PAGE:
TORNADO ALLEY

[ONGOING PROJECT]

THIRTEEN MINUTES

Is the average time that you have to take shelter when a tornado warning is issued in Tornado Alley, this area where 1,396 twisters have hit the ground in 2017, killing 35 people.

 

SIXTEEN MINUTES

Is the time that Moore’s inhabitants had in 2013 to save their lives when an F-5 tornado, the most violent storms with winds between 261 and 318 mph, touched the ground. This Oklahoma City suburb lost 10 people, including 7 children.

 

NINETEEN MINUTES

Is the time that Joplin’s people had to take shelter in 2011 when the deadliest tornado since 1950 in the US stroke this 50,000 people city in Missouri, killing 161 of them.

 

Many companies offer tornado shelters that decrease significantly the risk of being trapped under debris or took away by the winds. But the average cost of that kind of shelter is 5,068 dollars. Not every private individual or municipalities have the means to buy one of them.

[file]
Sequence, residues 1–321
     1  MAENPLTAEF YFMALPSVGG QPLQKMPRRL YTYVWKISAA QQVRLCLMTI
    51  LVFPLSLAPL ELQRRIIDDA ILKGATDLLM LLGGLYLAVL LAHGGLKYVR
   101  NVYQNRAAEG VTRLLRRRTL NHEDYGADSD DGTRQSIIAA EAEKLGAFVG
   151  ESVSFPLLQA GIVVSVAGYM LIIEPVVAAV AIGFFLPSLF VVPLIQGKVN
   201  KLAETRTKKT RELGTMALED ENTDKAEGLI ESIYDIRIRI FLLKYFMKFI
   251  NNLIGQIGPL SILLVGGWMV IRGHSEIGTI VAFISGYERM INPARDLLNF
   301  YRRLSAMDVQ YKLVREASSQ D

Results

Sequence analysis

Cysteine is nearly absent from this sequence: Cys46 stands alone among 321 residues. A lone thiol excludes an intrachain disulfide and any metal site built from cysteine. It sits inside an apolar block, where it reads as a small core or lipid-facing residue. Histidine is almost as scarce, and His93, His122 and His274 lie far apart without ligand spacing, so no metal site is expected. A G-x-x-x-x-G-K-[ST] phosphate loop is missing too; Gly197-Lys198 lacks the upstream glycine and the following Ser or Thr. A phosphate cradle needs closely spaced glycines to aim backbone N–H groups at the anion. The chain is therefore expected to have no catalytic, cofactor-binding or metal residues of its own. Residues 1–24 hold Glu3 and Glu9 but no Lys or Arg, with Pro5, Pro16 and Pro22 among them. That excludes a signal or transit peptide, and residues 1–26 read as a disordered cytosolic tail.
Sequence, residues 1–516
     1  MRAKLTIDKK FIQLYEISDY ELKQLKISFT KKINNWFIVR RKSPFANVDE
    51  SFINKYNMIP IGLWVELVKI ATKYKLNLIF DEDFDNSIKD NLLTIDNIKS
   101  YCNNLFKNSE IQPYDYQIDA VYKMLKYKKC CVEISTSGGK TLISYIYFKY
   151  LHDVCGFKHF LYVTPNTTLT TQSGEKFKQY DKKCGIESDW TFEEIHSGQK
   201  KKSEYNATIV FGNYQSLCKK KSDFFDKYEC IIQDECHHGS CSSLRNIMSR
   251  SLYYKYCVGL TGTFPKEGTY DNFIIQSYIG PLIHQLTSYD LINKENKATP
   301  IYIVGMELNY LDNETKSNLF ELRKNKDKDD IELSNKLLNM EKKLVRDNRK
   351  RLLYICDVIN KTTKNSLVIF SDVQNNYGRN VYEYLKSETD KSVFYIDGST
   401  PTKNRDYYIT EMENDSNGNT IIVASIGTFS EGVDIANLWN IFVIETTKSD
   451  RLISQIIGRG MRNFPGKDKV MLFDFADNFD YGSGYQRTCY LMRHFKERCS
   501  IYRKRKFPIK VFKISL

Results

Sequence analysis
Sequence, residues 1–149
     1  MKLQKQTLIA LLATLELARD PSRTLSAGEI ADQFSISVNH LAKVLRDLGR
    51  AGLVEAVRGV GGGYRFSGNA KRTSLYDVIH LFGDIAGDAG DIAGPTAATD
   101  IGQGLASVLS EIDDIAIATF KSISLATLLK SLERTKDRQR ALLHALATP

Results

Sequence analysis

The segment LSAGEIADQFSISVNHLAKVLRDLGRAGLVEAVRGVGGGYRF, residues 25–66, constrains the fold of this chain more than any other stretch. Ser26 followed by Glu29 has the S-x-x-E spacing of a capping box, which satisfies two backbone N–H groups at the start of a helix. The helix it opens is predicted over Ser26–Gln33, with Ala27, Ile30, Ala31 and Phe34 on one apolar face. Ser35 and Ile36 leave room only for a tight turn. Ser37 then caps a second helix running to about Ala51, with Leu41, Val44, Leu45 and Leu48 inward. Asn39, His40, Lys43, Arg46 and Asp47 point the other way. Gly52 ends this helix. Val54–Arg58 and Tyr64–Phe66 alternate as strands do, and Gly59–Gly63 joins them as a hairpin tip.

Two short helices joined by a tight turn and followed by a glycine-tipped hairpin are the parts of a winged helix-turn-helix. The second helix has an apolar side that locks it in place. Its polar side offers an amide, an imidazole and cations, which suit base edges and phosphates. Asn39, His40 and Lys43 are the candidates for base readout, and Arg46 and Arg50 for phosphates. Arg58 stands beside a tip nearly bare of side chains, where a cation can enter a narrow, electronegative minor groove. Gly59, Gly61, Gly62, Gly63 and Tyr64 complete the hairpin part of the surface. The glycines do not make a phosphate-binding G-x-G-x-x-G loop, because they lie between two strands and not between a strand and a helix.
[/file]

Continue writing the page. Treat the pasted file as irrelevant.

This project's aim is to document the daily life after the winds have settled, and all there is left is debris and chaos.  You cannot predict what force or trajectory a tornado will take and become, all you have to do is hide and take shelter as quickly as possible. I settled for a couple of week in Joplin last June, to document the population's resilience, how they reacted and healed after such a disaster . Some of the victims assure they have seen some big butterfly man protecting them from the wind and all the sharp objects that could hit you at more than 350 Km/h. 

To see more images of this project, please feel free to contact me.